The Lebanon conference
The problem with the Lebanon conference (May 1944) was that the numerical representation of the left-wing guerilla and political groups (mainly of the EAM) did not do justice to their actual political and military influence in the Greek territory. Regardless of the ideological orientation of the organisation, its military, economic and social contribution to Greek life during the occupation period had invested the organisation with legitimacy in the eyes of most Greeks; especially at a time when the official government had retreated from the country.
The results of the conference did not satisfy the leadership of EAM back in Greece, which was aware of its increased influence amongst the Greek population and aspired to challenge more actively an exiled government which had no real popular legitimacy. Thus, upon the return of the EAM envoys from Lebanon, the official leadership of the organisation disagreed with a series of decisions, which had been adopted by the majority of the conference. In particular, EAM refused to place the large military forces of ELAS under unitary government control, insisted on the removal of Papandreou and demanded the redistribution of the ministries of the new coalition government.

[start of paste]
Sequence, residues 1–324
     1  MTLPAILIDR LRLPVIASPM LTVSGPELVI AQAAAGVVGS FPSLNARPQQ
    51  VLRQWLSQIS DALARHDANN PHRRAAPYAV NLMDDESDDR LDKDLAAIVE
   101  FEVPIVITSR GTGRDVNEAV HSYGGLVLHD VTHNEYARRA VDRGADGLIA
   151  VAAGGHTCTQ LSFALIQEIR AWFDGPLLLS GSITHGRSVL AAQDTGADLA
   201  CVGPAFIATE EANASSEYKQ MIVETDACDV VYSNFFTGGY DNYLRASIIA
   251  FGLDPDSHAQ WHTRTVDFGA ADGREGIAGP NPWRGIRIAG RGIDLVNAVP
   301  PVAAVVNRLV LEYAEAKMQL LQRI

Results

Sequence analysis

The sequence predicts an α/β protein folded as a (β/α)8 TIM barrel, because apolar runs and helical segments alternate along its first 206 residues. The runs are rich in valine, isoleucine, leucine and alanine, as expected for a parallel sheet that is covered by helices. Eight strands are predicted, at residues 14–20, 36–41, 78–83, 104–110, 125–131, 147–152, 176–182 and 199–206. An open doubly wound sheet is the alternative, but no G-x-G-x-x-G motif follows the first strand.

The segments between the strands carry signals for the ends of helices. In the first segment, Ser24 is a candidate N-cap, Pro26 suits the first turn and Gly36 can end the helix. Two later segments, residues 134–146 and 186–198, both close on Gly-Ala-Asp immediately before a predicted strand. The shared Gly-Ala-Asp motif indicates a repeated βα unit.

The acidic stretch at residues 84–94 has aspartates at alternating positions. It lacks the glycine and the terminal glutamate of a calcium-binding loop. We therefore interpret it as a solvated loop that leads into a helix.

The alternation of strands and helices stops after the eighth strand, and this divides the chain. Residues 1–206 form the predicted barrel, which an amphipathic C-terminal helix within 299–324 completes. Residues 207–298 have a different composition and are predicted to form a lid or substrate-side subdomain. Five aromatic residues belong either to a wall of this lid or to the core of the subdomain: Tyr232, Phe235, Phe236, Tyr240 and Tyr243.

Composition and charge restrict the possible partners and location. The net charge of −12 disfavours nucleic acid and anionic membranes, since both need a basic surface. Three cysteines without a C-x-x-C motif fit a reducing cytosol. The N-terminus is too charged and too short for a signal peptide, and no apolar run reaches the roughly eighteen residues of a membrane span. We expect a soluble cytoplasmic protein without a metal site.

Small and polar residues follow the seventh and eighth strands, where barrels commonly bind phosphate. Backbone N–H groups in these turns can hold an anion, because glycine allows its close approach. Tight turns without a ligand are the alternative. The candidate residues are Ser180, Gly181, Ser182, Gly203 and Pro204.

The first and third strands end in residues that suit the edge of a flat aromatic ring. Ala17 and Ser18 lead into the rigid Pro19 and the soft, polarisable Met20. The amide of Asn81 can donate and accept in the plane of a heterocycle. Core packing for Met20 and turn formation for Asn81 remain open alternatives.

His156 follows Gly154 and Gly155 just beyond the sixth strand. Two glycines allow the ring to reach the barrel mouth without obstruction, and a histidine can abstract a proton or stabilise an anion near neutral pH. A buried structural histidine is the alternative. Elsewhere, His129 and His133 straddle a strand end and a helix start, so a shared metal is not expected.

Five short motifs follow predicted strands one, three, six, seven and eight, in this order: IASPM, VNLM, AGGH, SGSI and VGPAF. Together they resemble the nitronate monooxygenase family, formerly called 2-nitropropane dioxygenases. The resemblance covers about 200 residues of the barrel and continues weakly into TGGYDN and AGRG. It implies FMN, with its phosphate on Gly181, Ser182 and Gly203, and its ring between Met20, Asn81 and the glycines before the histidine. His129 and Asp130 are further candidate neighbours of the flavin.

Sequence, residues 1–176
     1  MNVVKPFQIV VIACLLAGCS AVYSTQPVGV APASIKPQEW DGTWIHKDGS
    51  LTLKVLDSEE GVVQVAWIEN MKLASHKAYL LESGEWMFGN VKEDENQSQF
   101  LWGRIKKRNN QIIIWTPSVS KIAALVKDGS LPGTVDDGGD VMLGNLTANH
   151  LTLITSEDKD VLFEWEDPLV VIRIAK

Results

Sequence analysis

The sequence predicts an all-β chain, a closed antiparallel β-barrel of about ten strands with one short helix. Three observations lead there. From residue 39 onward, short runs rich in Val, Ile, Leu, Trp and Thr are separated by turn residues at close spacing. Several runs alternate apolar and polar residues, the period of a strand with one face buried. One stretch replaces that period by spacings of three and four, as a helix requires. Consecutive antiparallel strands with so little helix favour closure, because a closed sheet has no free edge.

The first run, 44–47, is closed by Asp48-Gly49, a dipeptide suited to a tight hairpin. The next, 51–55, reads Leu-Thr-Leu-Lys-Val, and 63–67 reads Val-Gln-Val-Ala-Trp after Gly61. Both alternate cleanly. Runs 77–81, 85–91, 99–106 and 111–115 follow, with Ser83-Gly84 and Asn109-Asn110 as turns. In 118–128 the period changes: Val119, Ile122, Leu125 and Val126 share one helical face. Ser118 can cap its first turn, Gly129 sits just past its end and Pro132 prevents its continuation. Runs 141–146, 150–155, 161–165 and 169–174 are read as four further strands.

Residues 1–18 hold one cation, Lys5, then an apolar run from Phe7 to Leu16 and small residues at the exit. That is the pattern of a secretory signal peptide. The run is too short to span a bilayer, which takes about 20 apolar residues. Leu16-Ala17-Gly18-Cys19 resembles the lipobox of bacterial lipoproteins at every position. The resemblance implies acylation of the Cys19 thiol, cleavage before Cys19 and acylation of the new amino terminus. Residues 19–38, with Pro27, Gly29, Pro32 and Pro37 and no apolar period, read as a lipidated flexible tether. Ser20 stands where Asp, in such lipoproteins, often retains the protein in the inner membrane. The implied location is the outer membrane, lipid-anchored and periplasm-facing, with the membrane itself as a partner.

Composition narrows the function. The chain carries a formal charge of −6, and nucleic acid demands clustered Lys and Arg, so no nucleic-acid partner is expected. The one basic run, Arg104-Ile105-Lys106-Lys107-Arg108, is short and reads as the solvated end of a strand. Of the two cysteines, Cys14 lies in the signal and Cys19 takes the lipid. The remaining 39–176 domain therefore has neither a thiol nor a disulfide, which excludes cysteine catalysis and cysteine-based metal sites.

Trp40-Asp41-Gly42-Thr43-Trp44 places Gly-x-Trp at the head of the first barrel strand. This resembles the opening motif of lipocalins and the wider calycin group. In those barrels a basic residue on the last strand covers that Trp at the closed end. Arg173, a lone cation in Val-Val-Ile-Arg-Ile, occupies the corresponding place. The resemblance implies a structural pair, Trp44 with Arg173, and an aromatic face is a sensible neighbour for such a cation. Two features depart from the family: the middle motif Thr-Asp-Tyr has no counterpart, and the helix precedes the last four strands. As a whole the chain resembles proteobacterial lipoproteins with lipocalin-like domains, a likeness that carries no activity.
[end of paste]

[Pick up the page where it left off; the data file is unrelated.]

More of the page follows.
Once again, the deadlock was apparent, but this time the prospects for
EAM were extremely auspicious. With ELAS controlling the largest part
of the Greek territory, and with the impending withdrawal of the German
occupying forces from Greece, EAM possessed both the military and the
political means to seize power before the exiled government returned to
Greece. From this point of view, it is very difficult to comprehend the
EAM leadership's sudden change of attitude in early August 1944. It is
certain that, on their own initiative, the EAM leaders would have never
abandoned the policy of headlong confrontation with Papandreou government
and the rejection of the Lebanon agreements.
At that time, however, the agreement between the British Prime Minister, Churchill, and the Russian leader, Stalin, for placing Greece within the British sphere of influence, must have changed Moscow's attitude to the Greek problem and the EAM's political ambitions for postwar Greece, even temporarily. It is also known that, in early August, a Soviet military mission visited Greece and held talks with the EAM leadership.